On December 17, 2022, NIJ, a component of the Office of Justice Programs, announced $14.4 million in funding to support 30 forensic science research and development projects in fiscal year 2021 under its Research and Development in Forensic Science for Criminal Justice Purposes solicitation. Through its research and development (R&D) grant funding, NIJ continues to advance the speed, accuracy, and reliability of forensic analysis, which ultimately bolsters the administration of justice.
“With these awards, NIJ continues its dedication to strengthening the criminal justice system through forensic science research and development,” said Lucas Zarwell, director of NIJ’s Office of Investigative and Forensic Sciences. “We appreciate all the innovative and dedicated scientists who are committed to increasing our understanding of or producing useful technologies for the forensic sciences.”
Funding Highlights for Fiscal Year 2021
Since 2009, NIJ has invested $270 million in its R&D in Forensic Science for Criminal Justice Purposes program – its largest funding portfolio – making it a global leader in the advancement of forensic science. The program spans a wide breadth of disciplines from forensic DNA to seized drugs to forensic anthropology and more. The following are a few examples from this year’s awards:
In hit-and-run crimes, a paint smear may be one of the few pieces of evidence left at the scene. This project will apply deep learning methods — convolutional neural networks — to help classify the infrared spectra of automotive clear coats by manufacturer and assembly plant. This has promise to yield more accurate leads to aid investigations.
The presence of gunshot residue particles on a person’s body or clothing may be associated with proximity to a firearm discharge. Current methods of analysis focus only on the inorganic content and are not well suited to modern lead-free ammunition. This project will continue a line of research to develop non-contact laser spectroscopic methods to quickly locate and identify both the organic and inorganic components of gunshot residue.
Mass burials, mass disasters, and other circumstances may result in commingling of human remains. Sorting commingled remains back to their individual skeletons is challenging and time consuming. The goal of this project is to develop a protocol to sort commingled remains through the use of a portable LIBS instrument.
Forensic anthropologists routinely use radiographic comparisons to generate positive identifications of human skeletal remains in casework. However, there is little research on the reliability and validity of radiographic comparisons for identification. This project seeks to address that research gap by investigating observer reliability in radiographic identifications and assessing the accuracy of the identification based on anatomical location and number of features analyzed.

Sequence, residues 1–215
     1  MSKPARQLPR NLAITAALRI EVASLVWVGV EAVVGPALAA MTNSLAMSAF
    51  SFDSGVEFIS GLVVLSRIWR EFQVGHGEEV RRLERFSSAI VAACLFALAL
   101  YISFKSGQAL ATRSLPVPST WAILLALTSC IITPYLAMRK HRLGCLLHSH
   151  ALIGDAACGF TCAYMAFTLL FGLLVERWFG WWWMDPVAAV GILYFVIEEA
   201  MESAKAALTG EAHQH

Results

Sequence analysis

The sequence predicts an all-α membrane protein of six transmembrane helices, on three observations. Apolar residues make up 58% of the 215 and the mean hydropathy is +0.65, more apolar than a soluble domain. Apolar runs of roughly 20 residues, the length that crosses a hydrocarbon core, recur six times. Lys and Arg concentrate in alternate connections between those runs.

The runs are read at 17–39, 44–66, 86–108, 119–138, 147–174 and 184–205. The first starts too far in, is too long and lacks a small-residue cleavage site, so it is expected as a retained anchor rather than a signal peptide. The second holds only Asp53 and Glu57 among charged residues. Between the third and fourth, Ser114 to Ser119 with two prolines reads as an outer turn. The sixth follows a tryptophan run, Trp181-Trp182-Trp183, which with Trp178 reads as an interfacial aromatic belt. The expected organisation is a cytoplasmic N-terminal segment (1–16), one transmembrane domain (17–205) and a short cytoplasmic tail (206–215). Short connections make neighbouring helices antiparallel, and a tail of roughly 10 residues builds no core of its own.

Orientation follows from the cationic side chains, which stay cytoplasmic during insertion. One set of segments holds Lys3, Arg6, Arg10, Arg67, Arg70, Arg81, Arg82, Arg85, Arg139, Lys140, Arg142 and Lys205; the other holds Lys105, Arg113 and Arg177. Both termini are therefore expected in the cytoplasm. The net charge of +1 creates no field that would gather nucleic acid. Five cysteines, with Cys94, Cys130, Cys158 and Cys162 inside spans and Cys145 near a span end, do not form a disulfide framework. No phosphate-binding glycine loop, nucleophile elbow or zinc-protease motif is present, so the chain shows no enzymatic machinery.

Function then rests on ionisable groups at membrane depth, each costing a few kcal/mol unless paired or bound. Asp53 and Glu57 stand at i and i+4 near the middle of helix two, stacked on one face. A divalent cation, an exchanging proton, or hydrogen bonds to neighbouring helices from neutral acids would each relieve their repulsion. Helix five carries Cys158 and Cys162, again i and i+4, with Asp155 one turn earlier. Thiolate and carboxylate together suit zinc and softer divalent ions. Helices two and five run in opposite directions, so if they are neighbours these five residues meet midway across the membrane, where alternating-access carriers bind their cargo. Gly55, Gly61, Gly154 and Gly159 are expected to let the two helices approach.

Investigative Genetic Genealogy (IGG) offers a capability to identify investigative leads when CODIS searching is unproductive. IGG can provide time-efficient methods for removing those who perpetrate of serial violent crimes, such as rape and murder from the community, thereby increasing public safety. However, use of IGG has preceded establishment of best practices. This study will assess the ability of genotyping technologies to develop useful profiles from low-template and degraded sexual assault samples for genealogical searching in law enforcement accessible direct-to-consumer genealogical databases and support rapid, accurate, efficient identification of the samples’ source.
Digital penetration as a form of sexual assault has gained much attention recently in the media. Only a handful of reports have attempted to evaluate the persistence of male profiles in digital penetration evidence and even fewer have evaluated the persistence of female DNA under the fingernails of male suspects. Additionally, no studies, with the exception of one case report, demonstrate the ability to also determine the source of that female DNA as vaginal secretions. The goal of the proposed work is to develop a full analysis workflow to permit the identification and an evaluation of the bi-directional transfer, notably male suspect to female victim and female victim to male suspect as well as the persistence of trace biological material in digital penetration cases.
As cannabis/marijuana use is legalized across the country, and knowing that its use can impair executive functions needed for driving, the need for a roadside technology to detect impairment from marijuana in drivers is critical. This project will collect and analyze breath samples from cannabis users to determine the feasibility of a breath-based test for use in the field.
Evolving drug landscapes and regulations can create analytical challenges for forensic laboratories processing seized drug evidence. Laboratories must constantly evaluate current methods and look for more reliable, efficient, and reproducible results. This project will investigate an innovative microfluidic platform for automating routine color test procedures and performing multiple tests simultaneously, while also providing a quantitative metric for objective interpretation of these color tests.